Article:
Nothing is original. Steal from anywhere that resonates with inspiration or fuels your imagination. Devour old films, new films, music, books, paintings, photographs, poems, dreams, random conversations, architecture, bridges, street signs, trees, clouds, bodies of water, light and shadows. Select only things to steal from that speak directly to your soul. If you do this, your work (and theft) will be authentic. Authenticity is invaluable; originality is nonexistent. And don’t bother concealing your thievery — celebrate it if you feel like it. In any case, always remember what Jean-Luc Godard said: “It’s not where you take things from — it’s where you take them to.”

    So maybe what Elvis did that was exceptional was to take the music (that some like to say he stole) to new places.  But that's still not exactly the same thing as originating the music, which I don't think anyone would really claim he did.

    Take Jimi in contrast.  He started out heavily influenced by blues guitar players.  And it's worth pointing out that, unlike Elvis, he had crazy chops on his instrument as well as the ability to write new material (even though he never developed skill with classical notation).  But something else he did was to create music that no one had ever heard before.  Had any music ever sounded like "Are You Experienced?" or "Third Stone From the Sun" or "Machine gun"?  I'm not sure that it had.

    So, if originality is what counts, and I'm not saying that I'm sure that it does, then I'm still not sure why Elvis gets the nod.  Jarmusch offers a cluse that this might not be the right way to look at it.

    But it still seems to me that a meaningful definition of "genius" remains elusive.

    Great Jarmusch quote about authenticity trumping originality. Bob Dylan, who has a decent claim to geniushood, started out by stealing everything he could get his hands on and putting his name to it. He literally "made it his own." Jarmusch would have approved.

    Does anyone give a hoot that the Righteous Brothers didn't write You've Lost That Loving Feeling? Or that Joplin didn't write Bobby McGee? House of the Rising Sun? That's Alright, Mama? Turn! Turn! Turn!? It can perhaps deepen appreciation to know all the layers, but the actual song is the thing. If it's great, forget about issues of provenance.

    I'll make an exception for people whose highly paid job it is to know better. I once heard Simon Cowell refer to someone singing "Jeff Buckley's Hallelujah" -- as if he'd never heard of Leonard Cohen. We're talking about a personal signature here. I was shocked.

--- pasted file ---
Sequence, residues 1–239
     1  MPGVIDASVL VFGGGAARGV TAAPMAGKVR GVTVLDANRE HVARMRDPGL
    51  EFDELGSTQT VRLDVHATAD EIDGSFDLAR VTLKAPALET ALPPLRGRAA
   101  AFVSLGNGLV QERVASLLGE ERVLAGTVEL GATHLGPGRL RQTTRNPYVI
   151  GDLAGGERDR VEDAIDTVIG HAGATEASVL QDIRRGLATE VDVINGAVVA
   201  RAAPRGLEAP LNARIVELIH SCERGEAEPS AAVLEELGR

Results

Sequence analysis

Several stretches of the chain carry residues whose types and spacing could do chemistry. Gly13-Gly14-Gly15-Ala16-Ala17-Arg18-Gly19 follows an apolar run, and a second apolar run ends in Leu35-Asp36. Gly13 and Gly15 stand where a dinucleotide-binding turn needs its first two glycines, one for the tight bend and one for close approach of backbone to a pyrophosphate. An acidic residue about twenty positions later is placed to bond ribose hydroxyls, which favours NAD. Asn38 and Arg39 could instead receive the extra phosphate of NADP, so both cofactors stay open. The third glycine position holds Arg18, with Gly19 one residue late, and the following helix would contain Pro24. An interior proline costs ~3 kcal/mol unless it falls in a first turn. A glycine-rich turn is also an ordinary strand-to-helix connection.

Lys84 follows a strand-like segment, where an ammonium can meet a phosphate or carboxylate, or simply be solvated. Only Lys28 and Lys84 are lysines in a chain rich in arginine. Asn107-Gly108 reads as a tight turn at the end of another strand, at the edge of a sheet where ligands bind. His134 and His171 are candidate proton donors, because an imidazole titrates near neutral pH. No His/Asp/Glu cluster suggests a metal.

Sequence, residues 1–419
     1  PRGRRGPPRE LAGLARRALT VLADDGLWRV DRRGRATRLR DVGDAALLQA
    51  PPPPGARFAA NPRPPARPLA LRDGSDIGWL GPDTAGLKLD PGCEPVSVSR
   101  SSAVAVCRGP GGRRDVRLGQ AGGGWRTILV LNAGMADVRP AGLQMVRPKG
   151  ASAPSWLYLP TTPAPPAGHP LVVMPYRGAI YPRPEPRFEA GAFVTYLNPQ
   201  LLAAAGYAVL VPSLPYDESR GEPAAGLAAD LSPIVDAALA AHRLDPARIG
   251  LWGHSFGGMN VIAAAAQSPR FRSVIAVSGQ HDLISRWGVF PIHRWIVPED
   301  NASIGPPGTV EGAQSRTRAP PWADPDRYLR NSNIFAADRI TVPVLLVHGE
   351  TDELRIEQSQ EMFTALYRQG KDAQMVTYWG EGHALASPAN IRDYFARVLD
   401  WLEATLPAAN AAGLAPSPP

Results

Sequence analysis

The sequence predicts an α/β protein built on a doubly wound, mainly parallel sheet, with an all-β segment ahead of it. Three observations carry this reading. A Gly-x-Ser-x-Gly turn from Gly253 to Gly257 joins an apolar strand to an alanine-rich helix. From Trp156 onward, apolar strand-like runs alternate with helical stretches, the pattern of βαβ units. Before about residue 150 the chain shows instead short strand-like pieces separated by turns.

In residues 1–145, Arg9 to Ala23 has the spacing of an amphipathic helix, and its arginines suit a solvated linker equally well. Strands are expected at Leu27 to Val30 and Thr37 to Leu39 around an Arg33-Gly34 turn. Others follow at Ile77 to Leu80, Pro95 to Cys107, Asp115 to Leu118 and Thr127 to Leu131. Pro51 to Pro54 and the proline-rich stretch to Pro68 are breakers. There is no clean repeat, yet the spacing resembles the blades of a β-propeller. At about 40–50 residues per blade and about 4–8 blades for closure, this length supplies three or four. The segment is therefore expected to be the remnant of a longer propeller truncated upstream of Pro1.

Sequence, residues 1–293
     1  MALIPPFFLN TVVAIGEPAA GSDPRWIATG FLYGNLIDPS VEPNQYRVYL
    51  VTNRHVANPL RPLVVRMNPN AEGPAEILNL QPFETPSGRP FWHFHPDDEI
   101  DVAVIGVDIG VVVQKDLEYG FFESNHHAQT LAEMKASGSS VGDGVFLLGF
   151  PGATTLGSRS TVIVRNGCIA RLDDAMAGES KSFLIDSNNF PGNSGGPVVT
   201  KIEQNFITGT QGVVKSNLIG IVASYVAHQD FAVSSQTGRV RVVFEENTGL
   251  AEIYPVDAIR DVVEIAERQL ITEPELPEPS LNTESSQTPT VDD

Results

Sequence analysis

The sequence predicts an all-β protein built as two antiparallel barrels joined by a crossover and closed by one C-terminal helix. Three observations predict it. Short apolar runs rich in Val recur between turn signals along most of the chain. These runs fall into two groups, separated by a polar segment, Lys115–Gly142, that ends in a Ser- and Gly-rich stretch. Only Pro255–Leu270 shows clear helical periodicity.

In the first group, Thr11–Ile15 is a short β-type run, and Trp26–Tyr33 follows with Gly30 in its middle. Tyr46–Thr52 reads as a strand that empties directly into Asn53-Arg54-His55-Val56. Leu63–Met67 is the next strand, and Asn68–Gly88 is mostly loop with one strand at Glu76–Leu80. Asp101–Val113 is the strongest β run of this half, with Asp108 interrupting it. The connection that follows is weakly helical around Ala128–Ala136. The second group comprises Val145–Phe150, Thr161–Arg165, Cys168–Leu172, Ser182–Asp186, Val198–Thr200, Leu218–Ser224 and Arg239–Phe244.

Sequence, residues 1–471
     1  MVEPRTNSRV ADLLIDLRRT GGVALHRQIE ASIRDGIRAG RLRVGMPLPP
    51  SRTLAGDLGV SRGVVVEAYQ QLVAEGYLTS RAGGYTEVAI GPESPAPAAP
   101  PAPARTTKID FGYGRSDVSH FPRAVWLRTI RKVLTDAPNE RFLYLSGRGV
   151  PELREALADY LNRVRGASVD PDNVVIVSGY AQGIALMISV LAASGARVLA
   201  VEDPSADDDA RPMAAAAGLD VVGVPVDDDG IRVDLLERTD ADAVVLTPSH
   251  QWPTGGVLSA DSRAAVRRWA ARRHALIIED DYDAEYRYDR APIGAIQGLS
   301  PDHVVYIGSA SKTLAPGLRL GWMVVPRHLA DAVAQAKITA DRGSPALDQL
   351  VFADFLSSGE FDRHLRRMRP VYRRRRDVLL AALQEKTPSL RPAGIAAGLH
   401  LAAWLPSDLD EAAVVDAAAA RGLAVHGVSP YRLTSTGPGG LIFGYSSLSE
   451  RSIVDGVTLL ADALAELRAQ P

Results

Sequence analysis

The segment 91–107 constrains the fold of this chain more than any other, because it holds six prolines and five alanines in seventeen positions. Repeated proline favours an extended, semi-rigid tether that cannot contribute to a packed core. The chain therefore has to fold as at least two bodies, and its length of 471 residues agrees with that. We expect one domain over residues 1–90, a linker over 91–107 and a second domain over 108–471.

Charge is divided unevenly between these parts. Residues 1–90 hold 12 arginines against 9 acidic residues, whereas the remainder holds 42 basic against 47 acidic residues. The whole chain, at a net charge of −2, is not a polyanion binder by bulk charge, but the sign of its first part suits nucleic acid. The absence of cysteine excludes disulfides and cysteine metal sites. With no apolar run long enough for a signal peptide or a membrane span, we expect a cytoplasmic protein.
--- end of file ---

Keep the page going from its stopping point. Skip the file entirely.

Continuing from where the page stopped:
Joplin's version of "Bobby McGee" is certainly inspired, but she's another case where I wouldn't apply the "genius" label.  I'd say Kristofferson is a better candidate for that label, but not just because he wrote the song.  I'd say that same thing about the relationship between Patsy Cline and Willie Nelson - namely that I don't think Patsy Cline is a candidate for the "genius" moniker, but Nelson might be.

    Inspired performance is great.  And there might be a such thing as "performance genius."  I don't think that's implausible.  However, singing is not exactly the same as musicianship.  Elvis was absolutely not a great musician.  As a guitar player, we was passable (look to Bill Black for the real chops here).  And he wasn't a song-writer.  He sang songs that people like.  He had looks and pipes, but both of those things are just straight-up gifts.  And they don't necessarily imply any musical skill by themselves.  He might be a candidate for performance genius, but calling him a musical genius would seem to put him in the same category as people who manifestly possessed skills that he did not, like Hendrix or Mozart.  It just doesn't make sense to me.

    To put that in contrast, Dylan is someone who manifestly does not have looks or pipes - unless funny and hoarse are what you're looking for.  But I think he's a potential candidate for being a musical genius, even strictly just on the basis of his song-writing ability.  That's a musical skill that the guy has in spades.  Also, in his younger years that you reference, he spent a lot of time developing his guitar skills.  It wasn't something he used a lot later in his career, but he was a pretty mean Travis picker when he was a kid.  There's a live recording I have of him doing a version of the old folk song "Moonshiner" where you can hear a bit of this (cool, found it here!), but you can also hear it prominently on the Freewheelin' version of "Don't Think Twice."

    So, my point is that Dylan had musical skills that are manifest.  I don't see that with Elvis.  He might be a genius of a different kind (for whatever the label is actually worth - again, I'm not sure it's worth much in any case), but I don't think he qualifies as a musical genius.

    I wasn't trying to revive the who's-a-genius? debate. I think Jimi Hendrix and Bob Dylan clear that bar, but I wasn't arguing for anybody else, and I know it's totally subjective anyway.